• Did you change anything in your house around the time your cat stopped using the litter box? It could be as simple as a new mat underneath the litter box. If so, change it back!

Environment

Cats are creatures of habit. Any change to their environment can cause them stress. Eliminating outside the litter box might be their way of voicing their dislike of a situation.

HSUS, in its course Cat Behavior and Retention, offers the following examples to help determine environmental stressors:

  • Urinating near windows and doors: There may be outdoor cats nearby that are creating stress for your indoor cat.
  • Eliminating outside the box when no one is home: This may be a reaction to a stressor that occurs in your absence.
  • Eliminating outside the box at night: There may be other outdoor animals nearby, or your cat may have declining senses.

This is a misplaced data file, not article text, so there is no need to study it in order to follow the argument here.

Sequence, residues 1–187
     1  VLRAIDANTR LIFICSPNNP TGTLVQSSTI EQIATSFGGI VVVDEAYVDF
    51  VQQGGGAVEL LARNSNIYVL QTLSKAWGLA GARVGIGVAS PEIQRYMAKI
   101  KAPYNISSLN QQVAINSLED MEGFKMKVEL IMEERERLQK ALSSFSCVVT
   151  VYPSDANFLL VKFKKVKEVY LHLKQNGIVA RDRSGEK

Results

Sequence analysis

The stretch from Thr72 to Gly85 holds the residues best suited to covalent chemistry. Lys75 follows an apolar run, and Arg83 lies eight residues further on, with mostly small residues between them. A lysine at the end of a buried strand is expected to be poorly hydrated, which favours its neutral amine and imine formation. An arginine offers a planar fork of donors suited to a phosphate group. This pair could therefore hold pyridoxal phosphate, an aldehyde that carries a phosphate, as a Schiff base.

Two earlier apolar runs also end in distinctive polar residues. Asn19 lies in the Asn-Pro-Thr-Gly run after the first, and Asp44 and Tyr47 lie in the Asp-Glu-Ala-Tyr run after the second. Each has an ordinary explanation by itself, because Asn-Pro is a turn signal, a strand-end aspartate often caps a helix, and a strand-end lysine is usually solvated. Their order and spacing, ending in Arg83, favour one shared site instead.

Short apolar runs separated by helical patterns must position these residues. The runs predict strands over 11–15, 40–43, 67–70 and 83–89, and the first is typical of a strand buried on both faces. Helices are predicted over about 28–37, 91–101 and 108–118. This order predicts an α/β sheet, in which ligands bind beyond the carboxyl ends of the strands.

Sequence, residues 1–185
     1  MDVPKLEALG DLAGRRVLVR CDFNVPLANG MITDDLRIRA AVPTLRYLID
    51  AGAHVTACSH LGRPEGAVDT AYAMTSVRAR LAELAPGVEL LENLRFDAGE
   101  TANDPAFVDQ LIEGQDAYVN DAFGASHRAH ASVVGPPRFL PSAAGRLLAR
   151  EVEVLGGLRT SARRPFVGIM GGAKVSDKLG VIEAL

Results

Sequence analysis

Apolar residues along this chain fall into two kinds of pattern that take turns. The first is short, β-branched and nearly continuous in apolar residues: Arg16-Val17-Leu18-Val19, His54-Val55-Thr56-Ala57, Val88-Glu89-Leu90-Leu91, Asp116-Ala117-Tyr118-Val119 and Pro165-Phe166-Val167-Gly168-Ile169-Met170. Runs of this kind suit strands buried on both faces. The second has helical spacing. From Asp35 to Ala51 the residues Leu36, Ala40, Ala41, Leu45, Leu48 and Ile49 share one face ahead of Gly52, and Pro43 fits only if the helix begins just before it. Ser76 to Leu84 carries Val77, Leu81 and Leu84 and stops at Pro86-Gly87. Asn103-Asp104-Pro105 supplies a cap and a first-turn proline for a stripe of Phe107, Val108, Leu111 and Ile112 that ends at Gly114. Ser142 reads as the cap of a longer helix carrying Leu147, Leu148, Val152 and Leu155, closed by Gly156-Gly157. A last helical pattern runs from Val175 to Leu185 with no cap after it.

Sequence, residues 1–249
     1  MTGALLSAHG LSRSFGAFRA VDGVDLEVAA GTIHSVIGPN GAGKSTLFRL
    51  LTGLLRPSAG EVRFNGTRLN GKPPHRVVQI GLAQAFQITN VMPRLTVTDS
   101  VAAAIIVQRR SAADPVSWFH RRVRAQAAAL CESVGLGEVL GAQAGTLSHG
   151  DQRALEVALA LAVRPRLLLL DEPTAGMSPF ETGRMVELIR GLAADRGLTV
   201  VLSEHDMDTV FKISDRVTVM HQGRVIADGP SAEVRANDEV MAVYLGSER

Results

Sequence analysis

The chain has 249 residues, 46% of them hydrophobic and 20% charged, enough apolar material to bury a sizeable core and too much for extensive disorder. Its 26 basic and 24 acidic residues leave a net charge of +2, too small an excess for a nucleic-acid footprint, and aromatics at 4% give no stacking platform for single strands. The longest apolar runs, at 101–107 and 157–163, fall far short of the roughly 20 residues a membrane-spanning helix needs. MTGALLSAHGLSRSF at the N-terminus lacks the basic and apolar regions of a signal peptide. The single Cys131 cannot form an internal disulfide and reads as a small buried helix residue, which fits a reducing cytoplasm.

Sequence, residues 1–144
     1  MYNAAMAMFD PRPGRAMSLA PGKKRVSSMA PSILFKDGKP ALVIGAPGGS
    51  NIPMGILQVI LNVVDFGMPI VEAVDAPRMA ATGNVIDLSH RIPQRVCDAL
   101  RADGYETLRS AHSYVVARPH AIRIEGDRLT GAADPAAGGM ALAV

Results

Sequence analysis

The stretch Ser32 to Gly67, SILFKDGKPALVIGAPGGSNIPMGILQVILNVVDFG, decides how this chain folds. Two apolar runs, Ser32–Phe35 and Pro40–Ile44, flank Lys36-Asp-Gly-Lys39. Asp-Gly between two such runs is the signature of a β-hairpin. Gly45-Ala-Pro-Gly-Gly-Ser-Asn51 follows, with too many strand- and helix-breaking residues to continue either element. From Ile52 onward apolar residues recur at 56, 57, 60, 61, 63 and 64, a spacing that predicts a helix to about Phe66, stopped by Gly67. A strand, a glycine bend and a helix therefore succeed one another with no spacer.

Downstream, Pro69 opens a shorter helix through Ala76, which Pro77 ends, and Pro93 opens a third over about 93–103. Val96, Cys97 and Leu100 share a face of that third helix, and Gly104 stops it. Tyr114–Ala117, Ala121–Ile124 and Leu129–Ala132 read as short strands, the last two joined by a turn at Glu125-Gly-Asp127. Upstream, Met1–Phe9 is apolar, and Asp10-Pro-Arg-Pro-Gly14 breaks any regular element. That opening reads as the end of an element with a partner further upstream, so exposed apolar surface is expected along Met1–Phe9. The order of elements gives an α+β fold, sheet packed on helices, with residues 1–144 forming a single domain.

• Urinating on clothes, shoes, or bedding: There may be an environmental stressor such as a new baby in the home, and your cat may be meshing her scent with your scent to self-soothe.

Tensions in a multi-cat home

If you find urine on vertical objects or in a horizontal line, and/or you have witnessed your cat spraying, this marking behavior often suggests multi-cat tensions. A territorially insecure cat might squat or spray to claim areas. Conversely, a territorially dominant cat may mark to display victory or confidence, or in response to a threat. Whatever the situation, the cat is stressed, and the home environment needs to be modified. HSUS suggests, “Regardless of whether this cat is high or low status in the household hierarchy, we’re going to recommend the adding of vertical space, ensuring there are more than enough resources so that the cats don’t feel in competition, the providing of lots of interactive play, and giving the cats a reason to like each other utilizing highly valued treats/food.”